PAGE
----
Wednesday, September 29, 2010


Hi Folks. Just here to say good-bye. Nice knowing you, 2010. You fought (somewhat) admirably... at times. Other times you f*cking trotted Daniel Nava and Bill Hall out there and called this a f*cking team. Oh, and let's not forget John Lackey and his stellar 13-11 wicked high ERA and WHIP and SUCK factor to go along with all the millions they tossed his way. It's ok though. No bitterness here. Maybe only against the bullpen that blew more saves than... ok. I'm not stooping to that level of blow jokes. I need some time to collect my thoughts.

1 comment:

Anonymous said...

The S, T, and ST scales are used for trig capabilities and multiples of trig functions, for angles in levels.
For angles from around five.7 up to 90 degrees, sines are identified by comparing the S scale with C. The S scale has a second set of angles (sometimes in a various color), which run inside the opposite direction, and are utilized for cosines. Tangents are identified by comparing the T scale with C or, for angles greater than 45 levels, CI. Common forms for example ksinx may be read directly from x on the S scale to the result on the D scale, when the C-scale index is set at k. For angles below five.7 degrees, sines, tangents, and radians are approximately equal, and are discovered on the ST or SRT (sines, radians, and tangents) scale, or simply divided by 57.3 degrees/radian Inverse trigonometric capabilities are identified by reversing the procedure.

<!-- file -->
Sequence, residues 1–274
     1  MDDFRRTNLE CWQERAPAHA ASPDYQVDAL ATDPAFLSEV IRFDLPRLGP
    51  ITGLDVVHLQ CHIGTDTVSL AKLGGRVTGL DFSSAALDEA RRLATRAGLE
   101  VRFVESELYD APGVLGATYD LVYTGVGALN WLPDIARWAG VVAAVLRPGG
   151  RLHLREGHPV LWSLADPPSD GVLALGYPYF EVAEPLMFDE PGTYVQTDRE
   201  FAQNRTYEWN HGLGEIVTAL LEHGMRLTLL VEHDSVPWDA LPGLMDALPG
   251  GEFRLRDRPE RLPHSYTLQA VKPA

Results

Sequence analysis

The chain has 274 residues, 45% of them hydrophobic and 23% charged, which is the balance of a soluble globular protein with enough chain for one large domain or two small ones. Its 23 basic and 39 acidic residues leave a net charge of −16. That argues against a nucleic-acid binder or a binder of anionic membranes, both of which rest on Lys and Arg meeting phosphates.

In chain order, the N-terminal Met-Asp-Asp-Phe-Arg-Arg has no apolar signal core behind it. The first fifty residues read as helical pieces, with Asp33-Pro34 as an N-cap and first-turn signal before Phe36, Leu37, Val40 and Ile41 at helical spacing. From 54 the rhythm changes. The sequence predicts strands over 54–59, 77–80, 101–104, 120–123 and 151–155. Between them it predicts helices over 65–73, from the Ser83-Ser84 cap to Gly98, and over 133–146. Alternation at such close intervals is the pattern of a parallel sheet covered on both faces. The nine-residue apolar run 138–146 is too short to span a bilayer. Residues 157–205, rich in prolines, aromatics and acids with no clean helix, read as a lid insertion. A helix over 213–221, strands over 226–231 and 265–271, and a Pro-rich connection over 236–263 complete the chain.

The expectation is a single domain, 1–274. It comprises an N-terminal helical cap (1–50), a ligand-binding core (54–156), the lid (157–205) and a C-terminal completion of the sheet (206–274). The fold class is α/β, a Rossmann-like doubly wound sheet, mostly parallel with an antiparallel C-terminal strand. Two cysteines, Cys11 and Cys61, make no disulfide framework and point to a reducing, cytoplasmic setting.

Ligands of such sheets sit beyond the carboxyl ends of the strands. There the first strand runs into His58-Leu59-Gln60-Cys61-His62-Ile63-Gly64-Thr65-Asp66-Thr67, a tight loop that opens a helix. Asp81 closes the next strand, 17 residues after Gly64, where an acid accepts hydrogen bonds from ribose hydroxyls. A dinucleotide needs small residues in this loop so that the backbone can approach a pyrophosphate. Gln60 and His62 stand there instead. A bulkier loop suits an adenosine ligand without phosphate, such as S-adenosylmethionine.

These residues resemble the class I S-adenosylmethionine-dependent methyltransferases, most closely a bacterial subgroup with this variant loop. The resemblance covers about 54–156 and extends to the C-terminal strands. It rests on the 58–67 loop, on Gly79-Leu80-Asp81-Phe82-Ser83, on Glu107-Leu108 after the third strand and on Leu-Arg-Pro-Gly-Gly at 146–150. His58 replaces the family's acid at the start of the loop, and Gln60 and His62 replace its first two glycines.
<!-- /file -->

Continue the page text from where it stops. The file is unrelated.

Several slide rules have S, T, and ST scales marked with degrees and minutes. So-called decitrig models use decimal fractions of degrees instead.!67A0B20D96E0DD7C!109.entry!7DE1266B0744DC80!111.entry